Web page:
2.5 out of 5
Director: Vikrant Dhote
A ‘serious mockumentary’, Ajay follows an NGO in India that is investigating accusations that a boy was raped by one of his classmates in a high school. The victim then committed suicide when details of the crime were reported, in lurid detail, in a newspaper. It’s certainly a powerful subject and one that Ajay commits to wholeheartedly. It also delves into a lot of the issues of modern India, such of sexuality, corruption, the power and entitlement of the wealthy, and police inaction. However, while the faux-documentary set-up is an interesting way to look at these things, it’s also somewhat distracting, drawing focus away from the issues to the potential artifice of the situation. Although this way of constructing a film can work well, here the seriousness of the subject and the time constraints of the film itself mean it doesn’t work as well at it might have.
3 out of 5
The World is Round so that Nobody Can Hide in the Corners: Part 1 – Refuge
Director: Leandro Goddinho
In documentary voiceover, a Nigerian man tells his story of finding love with a boyfriend in his home country. However, as homosexuality is illegal in Nigeria, when their relationship is discovered, their only choice is to flee or face prison. That starts a long trip to seek refuge in Germany, as well as fear and uncertainty when the men are forced to separate. It’s a powerful story backed by well-chosen and nicely shot footage of the man himself, set amidst a decaying yet modern Germany that offers both hope and uneasiness. It also successfully manages to find the balance between taking us into the story of a single person, while ensuring we’re aware his is just one of millions of similar tales of heartbreak, pain – and yet hope – of millions of people around the world who’ve had to flee persecution.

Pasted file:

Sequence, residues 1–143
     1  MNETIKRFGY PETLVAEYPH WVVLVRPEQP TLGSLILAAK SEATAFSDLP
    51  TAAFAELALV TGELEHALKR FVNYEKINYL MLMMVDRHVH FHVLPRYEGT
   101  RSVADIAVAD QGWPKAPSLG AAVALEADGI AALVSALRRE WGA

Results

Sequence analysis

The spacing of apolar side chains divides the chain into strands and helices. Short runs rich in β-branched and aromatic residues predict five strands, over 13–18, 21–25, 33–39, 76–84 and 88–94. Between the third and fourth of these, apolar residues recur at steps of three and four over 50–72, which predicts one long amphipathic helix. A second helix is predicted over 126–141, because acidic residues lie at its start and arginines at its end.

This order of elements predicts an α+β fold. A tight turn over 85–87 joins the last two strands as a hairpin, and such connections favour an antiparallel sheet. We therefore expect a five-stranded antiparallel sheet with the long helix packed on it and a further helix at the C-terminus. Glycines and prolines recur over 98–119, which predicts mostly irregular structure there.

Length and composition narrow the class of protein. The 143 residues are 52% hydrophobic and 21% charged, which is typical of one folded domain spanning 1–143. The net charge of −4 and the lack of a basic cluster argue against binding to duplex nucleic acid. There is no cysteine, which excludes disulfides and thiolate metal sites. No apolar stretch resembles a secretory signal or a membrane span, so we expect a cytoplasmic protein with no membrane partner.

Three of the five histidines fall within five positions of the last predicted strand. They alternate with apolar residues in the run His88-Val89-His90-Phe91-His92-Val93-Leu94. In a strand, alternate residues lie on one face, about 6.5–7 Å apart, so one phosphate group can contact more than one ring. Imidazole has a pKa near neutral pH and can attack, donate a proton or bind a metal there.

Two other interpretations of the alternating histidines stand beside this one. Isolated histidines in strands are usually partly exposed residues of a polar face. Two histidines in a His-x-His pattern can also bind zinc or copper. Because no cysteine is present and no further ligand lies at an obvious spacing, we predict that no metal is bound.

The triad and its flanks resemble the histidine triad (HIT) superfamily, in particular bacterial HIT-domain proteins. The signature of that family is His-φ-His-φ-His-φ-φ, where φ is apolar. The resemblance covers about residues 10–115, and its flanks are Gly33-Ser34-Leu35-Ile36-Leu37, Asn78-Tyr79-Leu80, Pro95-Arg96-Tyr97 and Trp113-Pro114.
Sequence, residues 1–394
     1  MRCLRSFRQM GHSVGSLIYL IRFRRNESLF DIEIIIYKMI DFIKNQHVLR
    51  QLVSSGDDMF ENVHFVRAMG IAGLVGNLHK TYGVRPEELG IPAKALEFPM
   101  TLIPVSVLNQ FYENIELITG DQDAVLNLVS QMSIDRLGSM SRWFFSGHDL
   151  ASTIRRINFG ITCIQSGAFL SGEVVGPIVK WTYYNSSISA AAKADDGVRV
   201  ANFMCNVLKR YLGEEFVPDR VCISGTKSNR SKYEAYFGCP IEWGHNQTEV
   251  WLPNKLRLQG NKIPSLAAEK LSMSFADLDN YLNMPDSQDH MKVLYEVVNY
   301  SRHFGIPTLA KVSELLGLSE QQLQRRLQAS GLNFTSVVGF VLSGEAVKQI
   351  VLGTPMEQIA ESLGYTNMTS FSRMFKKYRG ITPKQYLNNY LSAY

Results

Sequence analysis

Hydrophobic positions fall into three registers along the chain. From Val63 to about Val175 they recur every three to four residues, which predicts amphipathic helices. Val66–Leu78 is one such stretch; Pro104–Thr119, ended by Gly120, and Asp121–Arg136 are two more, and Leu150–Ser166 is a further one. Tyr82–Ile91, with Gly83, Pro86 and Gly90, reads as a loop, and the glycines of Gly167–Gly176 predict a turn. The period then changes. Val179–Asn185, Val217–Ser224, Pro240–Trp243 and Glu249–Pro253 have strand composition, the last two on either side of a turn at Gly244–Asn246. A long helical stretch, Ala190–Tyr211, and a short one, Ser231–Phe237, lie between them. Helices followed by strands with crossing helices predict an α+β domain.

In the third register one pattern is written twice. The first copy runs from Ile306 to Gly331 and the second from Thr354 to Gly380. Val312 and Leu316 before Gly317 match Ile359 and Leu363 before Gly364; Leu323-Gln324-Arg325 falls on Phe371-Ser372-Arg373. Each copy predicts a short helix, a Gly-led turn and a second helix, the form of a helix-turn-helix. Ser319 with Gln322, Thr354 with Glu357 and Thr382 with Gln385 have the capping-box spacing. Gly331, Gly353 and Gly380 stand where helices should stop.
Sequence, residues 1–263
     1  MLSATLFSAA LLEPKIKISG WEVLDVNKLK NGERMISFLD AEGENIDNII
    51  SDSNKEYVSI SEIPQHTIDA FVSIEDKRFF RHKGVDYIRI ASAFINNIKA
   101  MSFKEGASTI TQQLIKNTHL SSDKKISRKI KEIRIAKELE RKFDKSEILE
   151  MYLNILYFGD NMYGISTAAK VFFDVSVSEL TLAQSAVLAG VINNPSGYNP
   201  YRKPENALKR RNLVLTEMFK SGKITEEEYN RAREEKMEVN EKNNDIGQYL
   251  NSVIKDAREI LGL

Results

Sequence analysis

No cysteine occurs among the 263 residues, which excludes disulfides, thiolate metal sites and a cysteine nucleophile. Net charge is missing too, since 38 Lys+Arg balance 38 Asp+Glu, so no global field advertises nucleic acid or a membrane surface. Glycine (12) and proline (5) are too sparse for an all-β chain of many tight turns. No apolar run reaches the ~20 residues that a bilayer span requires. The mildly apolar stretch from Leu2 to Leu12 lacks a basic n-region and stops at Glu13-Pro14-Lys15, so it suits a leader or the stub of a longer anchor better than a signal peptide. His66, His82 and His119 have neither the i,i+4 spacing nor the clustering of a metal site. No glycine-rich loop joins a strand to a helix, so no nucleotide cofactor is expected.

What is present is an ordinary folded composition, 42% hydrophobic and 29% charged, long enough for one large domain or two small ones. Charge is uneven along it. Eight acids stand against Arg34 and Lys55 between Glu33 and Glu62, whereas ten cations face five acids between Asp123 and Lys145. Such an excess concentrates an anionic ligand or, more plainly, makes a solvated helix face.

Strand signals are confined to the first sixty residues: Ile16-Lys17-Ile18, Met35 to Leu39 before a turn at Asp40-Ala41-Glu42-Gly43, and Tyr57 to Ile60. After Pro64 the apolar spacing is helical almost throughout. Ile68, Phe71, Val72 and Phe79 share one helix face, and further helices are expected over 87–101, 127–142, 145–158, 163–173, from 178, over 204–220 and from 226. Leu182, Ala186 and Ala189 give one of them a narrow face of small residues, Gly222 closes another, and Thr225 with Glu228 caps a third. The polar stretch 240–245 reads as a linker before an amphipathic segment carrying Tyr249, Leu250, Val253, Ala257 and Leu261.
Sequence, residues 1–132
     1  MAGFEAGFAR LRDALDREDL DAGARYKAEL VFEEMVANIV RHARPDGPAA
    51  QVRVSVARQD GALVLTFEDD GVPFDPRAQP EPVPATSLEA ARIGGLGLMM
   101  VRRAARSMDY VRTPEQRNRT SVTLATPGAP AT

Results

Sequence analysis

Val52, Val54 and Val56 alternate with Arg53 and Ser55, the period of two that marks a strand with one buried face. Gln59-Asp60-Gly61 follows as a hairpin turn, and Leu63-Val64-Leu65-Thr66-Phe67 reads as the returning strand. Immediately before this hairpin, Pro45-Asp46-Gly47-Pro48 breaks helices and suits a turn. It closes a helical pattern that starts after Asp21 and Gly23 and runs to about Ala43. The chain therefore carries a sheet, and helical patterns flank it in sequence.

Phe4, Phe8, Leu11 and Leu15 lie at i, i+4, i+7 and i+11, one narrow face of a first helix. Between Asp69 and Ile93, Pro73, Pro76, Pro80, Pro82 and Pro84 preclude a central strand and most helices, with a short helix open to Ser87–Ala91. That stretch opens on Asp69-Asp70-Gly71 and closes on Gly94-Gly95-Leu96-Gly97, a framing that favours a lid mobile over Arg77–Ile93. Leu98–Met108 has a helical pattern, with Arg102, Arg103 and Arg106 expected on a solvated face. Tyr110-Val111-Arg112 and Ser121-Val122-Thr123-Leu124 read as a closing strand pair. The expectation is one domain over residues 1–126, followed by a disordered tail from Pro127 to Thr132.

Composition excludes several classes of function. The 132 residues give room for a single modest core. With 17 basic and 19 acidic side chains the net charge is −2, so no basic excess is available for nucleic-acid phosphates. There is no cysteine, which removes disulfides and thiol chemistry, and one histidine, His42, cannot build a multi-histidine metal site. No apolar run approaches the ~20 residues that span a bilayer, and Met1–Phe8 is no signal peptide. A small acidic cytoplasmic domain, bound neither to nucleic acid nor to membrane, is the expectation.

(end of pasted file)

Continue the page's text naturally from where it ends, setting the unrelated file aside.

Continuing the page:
4.5 out of 5
Losing Sight Of A Longed Place
Director: Ka Chun Shek, Chun Long Wong
Watching a film with subtitles is always a compromise, as in order to read what’s being said you can’t fully pay attention to the visuals. Normally a film isn’t too hindered by that, but Losing Sight Of A Longed Place’s style of animation means its tough not to feel like you’re missing something intrinsic by not being able to fully watch and listen/comprehend simultaneously. It doesn’t help either that I have a feeling the English translation is accurate to the literal meaning of the Cantonese words but not necessarily what those words are trying to express. These technical issues are a shame, as the animation is beautiful and while sometimes difficult to comprehend, the narration, which is based on an interview with a young LGBT activist in Hong Kong and the social and familial difficulties he’s faced, is interesting. Ultimately though, I don’t think I can give it a score as I don’t think it was quite possible for me to meet it on its terms.
Reviewer: Tim Isaac